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Air Pollution In Canada - Is It Possible?

Although air pollution in Canada is not as severe as some other areas in the world, it still can be a problem. For example, the south-eastern parts of Canada along the Windsor-Québec City corridor of Ontario and Québec, as well as southern Nova Scotia are renowned for smog and acid rain events in the summer months (June, July and August).

Gas plant

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While, these events of air pollution in Canada are a worry, you need to understand that the concentration of air pollutants fluctuates markedly throughout the course of one day. It's true that heat wave conditions in summer are more likely to contribute to the influx of high levels of smog.

The eastern parts of Canada has the worst air pollution

In eastern Canada, the most severe air pollution events occur in summer. It's caused mainly by industrial sources that have been blown in from the mid-western United States. In fact, during the summer months in Windsor (Ontario), around 70% of this smog is directly related to industrial sources coming in from over the United States border.

Even worse, around 90% of the acid rain that reaches southern Nova Scotia also originates from industrial sources within the United States. Most of the acidifying agents in the air bypass the major cities in southern Ontario and Québec.

Acidic mist over Kejimkujik National ParkYou may be surprised to learn that the southern parts of Nova Scotia has the worst acid rain events in all of Canada. This occurs mainly in the summer. The main area where this acid rain falls is within Kejimkujik National Park.

In eastern Canada, most of these smog events occur from mid-spring through till mid-autumn. As a general rule, the hotter the weather is, the more pollution there will be. Why? Well, most of the air pollution in Canada during heat wave conditions is caused by the frequent influx of hot humid air coming in from the United States (U.S). Unfortunately, this air is normally quite polluted since it passes over the industrial regions of the mid-western U.S before continuing on its journey towards the south eastern corner of Canada.

So if you happen to travel to regions where air pollution in Canada is high during a heat wave, then please be careful. You don't want to end up with respiratory problems.

An interesting case of air pollution in Canada occurred in the city of Sudbury, Ontario from the late nineteenth century to the 1950's. The region around Sudbury recorded toxic levels of atmospheric SO2 due to intensive iron, copper and nickel mining practices. As a consequence, many forests in the region suffered due to acid rain. Since the 1960's, there has been a 90% decrease in the amount of SO2 emissions and approximately eight million trees have been planted to replace the ones lost.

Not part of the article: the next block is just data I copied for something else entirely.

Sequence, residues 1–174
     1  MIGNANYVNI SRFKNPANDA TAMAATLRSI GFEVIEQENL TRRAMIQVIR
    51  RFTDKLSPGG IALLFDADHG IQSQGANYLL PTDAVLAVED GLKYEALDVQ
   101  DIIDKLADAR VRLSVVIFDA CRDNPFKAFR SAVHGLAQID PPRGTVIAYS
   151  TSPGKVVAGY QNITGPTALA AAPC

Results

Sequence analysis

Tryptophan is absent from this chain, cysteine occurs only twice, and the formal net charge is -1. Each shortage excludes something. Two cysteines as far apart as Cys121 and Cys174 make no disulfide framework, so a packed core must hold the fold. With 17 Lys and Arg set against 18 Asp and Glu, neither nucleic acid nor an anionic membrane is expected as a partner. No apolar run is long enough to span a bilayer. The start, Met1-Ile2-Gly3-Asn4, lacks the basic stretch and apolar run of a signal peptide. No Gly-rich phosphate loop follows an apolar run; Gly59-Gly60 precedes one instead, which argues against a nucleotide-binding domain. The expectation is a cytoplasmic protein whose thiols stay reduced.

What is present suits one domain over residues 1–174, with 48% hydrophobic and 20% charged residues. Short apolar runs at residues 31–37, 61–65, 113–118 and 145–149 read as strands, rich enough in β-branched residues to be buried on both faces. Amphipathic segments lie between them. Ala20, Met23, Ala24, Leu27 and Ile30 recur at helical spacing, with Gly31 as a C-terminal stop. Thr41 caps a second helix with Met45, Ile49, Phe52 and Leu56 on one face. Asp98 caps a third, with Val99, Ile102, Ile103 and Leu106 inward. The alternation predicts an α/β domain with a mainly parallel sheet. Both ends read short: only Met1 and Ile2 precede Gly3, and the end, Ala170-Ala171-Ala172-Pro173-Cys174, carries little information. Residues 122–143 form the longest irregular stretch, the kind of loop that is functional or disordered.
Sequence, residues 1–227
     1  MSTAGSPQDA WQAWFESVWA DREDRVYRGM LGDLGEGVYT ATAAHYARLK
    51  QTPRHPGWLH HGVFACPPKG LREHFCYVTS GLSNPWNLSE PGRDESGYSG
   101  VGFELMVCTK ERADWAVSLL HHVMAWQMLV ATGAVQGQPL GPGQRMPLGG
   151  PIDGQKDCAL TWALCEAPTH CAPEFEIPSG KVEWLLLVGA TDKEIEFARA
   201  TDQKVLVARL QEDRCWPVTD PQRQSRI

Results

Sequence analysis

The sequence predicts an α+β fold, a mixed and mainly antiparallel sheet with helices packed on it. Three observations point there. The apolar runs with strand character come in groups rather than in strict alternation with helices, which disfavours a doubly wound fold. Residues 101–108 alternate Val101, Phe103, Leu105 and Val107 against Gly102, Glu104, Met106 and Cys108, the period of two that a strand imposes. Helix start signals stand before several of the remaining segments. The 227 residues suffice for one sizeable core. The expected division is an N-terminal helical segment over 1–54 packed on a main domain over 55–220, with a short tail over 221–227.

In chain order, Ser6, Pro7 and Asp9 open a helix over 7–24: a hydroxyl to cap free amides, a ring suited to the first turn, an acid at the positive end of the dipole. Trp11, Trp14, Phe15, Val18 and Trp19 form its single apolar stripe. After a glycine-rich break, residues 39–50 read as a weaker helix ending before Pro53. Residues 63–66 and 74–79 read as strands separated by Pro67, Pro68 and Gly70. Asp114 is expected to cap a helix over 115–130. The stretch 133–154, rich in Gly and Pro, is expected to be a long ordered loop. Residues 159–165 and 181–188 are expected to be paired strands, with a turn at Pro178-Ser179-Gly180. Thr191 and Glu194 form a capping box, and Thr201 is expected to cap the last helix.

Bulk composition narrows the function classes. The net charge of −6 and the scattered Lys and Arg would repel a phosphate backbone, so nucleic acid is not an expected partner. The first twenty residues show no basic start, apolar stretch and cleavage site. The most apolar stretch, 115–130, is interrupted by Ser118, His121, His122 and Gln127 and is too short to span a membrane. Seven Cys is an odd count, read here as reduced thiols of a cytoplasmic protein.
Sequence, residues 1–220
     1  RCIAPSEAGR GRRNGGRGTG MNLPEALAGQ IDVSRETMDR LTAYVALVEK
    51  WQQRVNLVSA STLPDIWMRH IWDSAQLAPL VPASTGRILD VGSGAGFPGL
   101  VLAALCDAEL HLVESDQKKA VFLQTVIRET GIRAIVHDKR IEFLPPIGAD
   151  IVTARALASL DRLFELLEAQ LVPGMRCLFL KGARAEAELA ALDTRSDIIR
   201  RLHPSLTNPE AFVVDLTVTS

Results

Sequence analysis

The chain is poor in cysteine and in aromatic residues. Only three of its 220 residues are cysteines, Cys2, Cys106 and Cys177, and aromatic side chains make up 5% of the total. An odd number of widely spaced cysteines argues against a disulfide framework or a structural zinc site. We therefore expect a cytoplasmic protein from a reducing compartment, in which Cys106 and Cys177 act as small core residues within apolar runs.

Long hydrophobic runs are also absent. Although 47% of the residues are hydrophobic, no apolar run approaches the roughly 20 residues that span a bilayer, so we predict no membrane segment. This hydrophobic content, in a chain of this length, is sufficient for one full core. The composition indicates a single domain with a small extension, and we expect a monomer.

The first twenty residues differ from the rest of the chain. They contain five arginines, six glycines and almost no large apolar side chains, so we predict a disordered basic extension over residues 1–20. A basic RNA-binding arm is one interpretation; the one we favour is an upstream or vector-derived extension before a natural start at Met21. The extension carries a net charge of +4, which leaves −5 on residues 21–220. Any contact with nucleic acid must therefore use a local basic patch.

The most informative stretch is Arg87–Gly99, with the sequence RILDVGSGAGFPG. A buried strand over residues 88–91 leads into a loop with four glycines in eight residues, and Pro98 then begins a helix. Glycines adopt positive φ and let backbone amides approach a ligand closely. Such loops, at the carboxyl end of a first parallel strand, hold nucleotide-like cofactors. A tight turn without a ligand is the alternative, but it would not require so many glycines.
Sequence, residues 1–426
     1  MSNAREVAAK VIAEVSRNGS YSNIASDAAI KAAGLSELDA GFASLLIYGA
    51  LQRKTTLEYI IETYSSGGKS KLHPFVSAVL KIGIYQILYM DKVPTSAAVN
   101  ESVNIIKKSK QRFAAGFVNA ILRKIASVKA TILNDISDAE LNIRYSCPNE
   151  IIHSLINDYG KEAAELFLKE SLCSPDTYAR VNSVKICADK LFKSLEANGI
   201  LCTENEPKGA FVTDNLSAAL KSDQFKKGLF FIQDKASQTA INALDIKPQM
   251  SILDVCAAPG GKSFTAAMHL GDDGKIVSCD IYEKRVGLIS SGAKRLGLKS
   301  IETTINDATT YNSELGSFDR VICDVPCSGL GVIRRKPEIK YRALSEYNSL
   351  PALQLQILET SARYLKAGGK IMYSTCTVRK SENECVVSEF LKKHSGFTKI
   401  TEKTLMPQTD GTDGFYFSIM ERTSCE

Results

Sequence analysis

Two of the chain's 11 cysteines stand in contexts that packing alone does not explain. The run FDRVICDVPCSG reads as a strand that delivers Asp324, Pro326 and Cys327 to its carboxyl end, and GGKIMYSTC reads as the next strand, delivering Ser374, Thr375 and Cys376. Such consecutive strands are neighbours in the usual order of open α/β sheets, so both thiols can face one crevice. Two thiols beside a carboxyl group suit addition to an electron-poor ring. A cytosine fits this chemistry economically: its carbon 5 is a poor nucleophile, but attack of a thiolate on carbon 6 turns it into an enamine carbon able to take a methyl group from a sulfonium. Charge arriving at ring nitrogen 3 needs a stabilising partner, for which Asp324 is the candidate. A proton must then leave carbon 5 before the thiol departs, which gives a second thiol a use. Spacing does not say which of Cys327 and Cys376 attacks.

Beware of air pollution in the large Canadian prairie cities

Most of the cities located in the prairies aren't subject to severe air pollution events like the south eastern parts of Canada. However, this region does have locally produced air pollution which still can lead to health problems.

The main cities I'm talking about are Edmonton, Calgary, Regina, Saskatoon, and Winnipeg.

The majority of the air pollution events within these cities comes from sources such as:

  • home heating (wood burning)

  • vehicle emissions

  • soil and road dust

A small amount of air pollutants come from industrial sources.

As you would expect, vehicle emissions combined with soil and road dust rapidly increase when the majority of people start travelling to work (i.e between 8am-10am). Typically, you normally see this pollutant as a grey haze in the distance.

If you're located in a city or town that's in a valley (for example, Calgary) then you're more likely to have air pollution problems at night. The main air pollutant at night is from smoke due the widespread use of wood fires for household heating. Smoke levels can increase dramatically when there's hardly any wind, the sky is clear and you're located in a valley.

That's why you should be careful walking around at night in cities/towns that are surrounded by mountains. If you have any pre-existing respiratory problems, then of course you'll need to be extra careful.